Trapped! CNY Fair, Victoria Park

lunar new year fair victoria park hk cny

lunar new year fair victoria park hk cny

Shortly before midnight on Chinese New Year Eve, I found myself standing in the epicenter of the annual Lunar New Year Fair in Victoria Park.

Despite the cold, damp weather, the yearly celebration was unbelievably packed. The large scale event, which takes place over the days leading up to Chinese New Year, draws several hundred thousand people who inch their way through aisles browsing New Year related merchandise.

At one point, with many of the aisles at a complete standstill, people continued to converge from every side. As the crowd piled up around me, I wiggled my arm free and was able to shoot a quick (and shaky) 360 degree video to capture the insane sea of people.

Soon afterwords I changed course to a less crowded route and made my escape!

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Cutest merchandise for sale?

The items for sale this year included the usual flowers, plants, and objects specially crafted for their New Year symbolism. As we have just entered year of the dragon, many of the items had a dragon theme.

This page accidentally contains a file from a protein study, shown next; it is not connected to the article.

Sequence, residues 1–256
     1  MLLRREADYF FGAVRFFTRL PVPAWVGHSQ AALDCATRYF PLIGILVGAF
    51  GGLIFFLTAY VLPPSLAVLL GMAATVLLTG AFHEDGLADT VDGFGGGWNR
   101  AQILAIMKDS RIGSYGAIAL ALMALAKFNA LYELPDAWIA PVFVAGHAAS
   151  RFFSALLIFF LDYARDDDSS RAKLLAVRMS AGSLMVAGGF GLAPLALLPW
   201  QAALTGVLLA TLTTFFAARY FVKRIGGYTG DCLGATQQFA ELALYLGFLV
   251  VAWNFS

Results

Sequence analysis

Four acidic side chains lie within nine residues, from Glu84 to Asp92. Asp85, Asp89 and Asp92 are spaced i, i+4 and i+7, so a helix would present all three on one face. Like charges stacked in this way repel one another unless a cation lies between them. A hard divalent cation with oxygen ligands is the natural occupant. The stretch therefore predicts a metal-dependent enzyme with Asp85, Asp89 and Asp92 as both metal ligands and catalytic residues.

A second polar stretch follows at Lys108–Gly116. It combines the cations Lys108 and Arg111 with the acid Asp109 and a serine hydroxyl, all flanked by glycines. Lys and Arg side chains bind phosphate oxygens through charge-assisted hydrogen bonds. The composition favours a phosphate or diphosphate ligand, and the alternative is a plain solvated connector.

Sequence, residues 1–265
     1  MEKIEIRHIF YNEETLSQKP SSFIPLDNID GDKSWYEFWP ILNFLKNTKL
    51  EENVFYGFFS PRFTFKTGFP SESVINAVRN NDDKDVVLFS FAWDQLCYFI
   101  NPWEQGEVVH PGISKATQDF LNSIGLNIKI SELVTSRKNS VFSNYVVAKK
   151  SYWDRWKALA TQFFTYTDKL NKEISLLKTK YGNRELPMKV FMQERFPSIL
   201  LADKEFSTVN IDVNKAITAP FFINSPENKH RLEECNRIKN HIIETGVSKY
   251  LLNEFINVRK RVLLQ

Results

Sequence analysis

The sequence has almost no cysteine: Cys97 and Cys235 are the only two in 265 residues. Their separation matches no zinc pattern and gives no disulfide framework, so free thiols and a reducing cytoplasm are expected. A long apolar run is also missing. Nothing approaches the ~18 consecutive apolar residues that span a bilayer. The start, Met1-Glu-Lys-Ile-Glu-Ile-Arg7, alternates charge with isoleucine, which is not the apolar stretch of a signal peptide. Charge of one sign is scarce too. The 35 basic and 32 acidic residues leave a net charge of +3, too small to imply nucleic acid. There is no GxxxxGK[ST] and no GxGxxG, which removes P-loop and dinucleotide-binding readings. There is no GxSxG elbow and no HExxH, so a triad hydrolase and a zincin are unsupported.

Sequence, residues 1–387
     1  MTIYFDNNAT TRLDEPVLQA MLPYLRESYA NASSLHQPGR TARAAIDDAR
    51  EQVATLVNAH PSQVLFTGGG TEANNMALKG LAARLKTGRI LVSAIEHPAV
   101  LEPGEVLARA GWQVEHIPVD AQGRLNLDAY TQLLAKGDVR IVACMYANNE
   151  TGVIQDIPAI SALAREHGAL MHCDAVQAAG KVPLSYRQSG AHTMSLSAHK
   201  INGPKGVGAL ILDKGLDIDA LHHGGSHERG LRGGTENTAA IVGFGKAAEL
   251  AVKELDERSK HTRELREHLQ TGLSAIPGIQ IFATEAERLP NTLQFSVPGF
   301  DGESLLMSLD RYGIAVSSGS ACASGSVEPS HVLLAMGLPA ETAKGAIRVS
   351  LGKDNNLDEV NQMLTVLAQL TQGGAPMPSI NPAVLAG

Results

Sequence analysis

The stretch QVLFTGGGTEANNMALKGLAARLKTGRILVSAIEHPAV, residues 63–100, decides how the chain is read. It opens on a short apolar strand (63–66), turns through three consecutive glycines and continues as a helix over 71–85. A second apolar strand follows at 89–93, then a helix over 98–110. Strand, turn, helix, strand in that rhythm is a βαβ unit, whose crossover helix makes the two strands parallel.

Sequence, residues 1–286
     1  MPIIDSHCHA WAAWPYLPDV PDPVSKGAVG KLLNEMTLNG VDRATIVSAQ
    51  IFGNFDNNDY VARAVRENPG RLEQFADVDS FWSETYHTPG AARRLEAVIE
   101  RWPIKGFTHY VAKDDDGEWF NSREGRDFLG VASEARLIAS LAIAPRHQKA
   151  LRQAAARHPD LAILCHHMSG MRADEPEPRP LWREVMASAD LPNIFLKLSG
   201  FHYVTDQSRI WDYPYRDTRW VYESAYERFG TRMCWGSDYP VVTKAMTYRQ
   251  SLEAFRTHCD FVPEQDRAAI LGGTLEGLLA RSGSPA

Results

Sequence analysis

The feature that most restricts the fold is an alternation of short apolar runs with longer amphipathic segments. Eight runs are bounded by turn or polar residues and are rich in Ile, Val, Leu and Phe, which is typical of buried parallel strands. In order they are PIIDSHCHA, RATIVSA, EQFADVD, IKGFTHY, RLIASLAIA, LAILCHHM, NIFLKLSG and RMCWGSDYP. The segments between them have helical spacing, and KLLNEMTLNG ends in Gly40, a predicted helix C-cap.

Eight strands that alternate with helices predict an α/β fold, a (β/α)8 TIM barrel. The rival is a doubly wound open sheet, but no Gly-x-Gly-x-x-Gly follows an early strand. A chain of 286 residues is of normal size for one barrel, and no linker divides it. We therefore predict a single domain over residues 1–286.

In keeping with modern traditions, there was other merchandise for sale based on current events. I spotted super-sized cheques for $6000 HKD, relating to the Hong Kong government’s payment to permanent residents this year.

Other items that appeared new (or perhaps that had gone un-noticed previously,) were scratch-n-sniff orange and banana tree pinwheels made of paper, as well as plastic cherry blossom pin-wheels.

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The cutest find? A colorful over-sized camera (that was actually a giant plush hand-warmer, made to resemble a Colorware Leica!)

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I think last year’s giant bubble tea is still the reigning champion of cuteness!


A quick word of caution

Though the police monitor every part of the fair, the sheer number of people pouring in makes it un-weildly. The truth is that it’s an impossible event to fully control.

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Small children, babies, people in wheel chairs, strollers, and the elderly, should not visit the market at peak times of the night. Even with all of the precautions, there is a degree of chaos that leaves those more vulnerable at risk.

Have a look back at previous Lunar New Year fairs: 2011, 2010, 2008, 2008, 2007, and 2006.

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